Lou Whitaker was a five-time All-Star. Perhaps the most memorable was in '85 when he forgot to pack his uniform for the game. He ended up purchasing a souvenir replica jersey and hat from the ballpark and, by some accounts, having a fan draw his number with a black permanent marker on the back of his jersey. The uniform is in the Smithsonian collection.
Andre Dawson played 21 years and amassed 2,774 hits and 438 home runs - most of that time with the Expos and Cubs. While he seemed to have the eyes of a hawk, his nickname was given to him by an uncle who said that as a youngster, Dawson attacked balls like a hawk when practicing with adult men.
Ron Cey's physical stature isn't what one would expect of a professional baseball player, but he played 17 years with three teams. He was a fan favorite and six-time All-Star. He got his nickname from his college coach who noted Cey's slow waddling gait while running.
Despite playing for four different teams in his 18-year career, Willie McGee is known for his time with the Cardinals in the '80s. McGee was a successful contact hitter with 2,254 hits and 79 home runs. He was a four-time All-Star, NL MVP, three-time Gold Glove winner and led the Cardinals to the '82 World Series Championship.
Gibson had a long-time and successful career playing for five different teams, although his most memorable was with the Detroit Tigers. One of his career highlights came in Game 1 of the '88 World Series. when he hit a pinch-hit walk-off home run against Dennis Eckersley. The hit is considered one of the most memorable in World Series history.
After starting his career with the Philadelphia Phillies, Ryne Sandberg played the majority of his career with the Chicago Cubs. He was a 10-time All-Star, nine-time Gold Glove winner at second base and when he retired in 1997, his career .989 fielding percentage was the best at second base.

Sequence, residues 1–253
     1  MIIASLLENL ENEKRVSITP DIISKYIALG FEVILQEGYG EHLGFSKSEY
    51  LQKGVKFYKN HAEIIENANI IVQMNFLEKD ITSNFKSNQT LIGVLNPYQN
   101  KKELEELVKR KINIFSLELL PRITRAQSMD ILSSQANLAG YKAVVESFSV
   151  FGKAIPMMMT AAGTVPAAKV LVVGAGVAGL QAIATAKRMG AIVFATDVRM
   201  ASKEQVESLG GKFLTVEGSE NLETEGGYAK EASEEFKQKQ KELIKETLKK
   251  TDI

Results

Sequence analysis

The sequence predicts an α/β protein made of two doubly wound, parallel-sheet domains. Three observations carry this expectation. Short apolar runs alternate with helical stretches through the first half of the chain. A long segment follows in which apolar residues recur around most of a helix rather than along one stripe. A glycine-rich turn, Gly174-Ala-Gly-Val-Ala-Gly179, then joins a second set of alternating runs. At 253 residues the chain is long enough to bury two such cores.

Wade Boggs is considered one of the best hitters the game has ever seen. One such example is hitting .350 in four consecutive seasons. As a career contact hitter, he won five batting titles and is one of a small group of hitters with over 3,000 hits and fewer than 160 home runs. Despite his accomplishments at the plate, he also notched an inning of pitching, tossing 16 knuckleballs and one fastball in a shutout inning against the Anaheim Angels in '97.
Vince Coleman was one of the fastest players to have played the game and holds several stolen base records. He has 752 career stolen bases. He has the most stolen bases by a rookie with 110 in 1985 and was the last player to steal over 100 stolen bases, 109 in 1987. He holds an MLB record of 50 consecutive stolen bases without being caught which happened from 1988 to 1989.
Andy Van Slyke played 13 years for four different teams. He was a three-time All-Star, five-time Gold Glove winner and two-time Silver Slugger.
Joe Carter hit 396 career home runs and had 1,445 RBIs. He was also the first player to hit 100 RBIs for three different teams in three consecutive seasons. With that many RBIs one wonders how he played on three teams in such a short span of time.
Eddie Murray is the third player to notch 500 home runs and 3,000 hits. The other two are Hank Aaron and Willie Mays - not bad company. Murray had 3,255 hits in 3,026 games. With dozens of accomplishments throughout his career, one of the most interesting is his Major League record 128 sacrifice flies which shows his willingness to win and put his own stats aside.
In Will Clark's first Major League at-bat on April 8, 1986, he hit a home run off Hall of Famer Nolan Ryan. He followed up with a home run in his first Major League at-bat at home in Candlestick Park.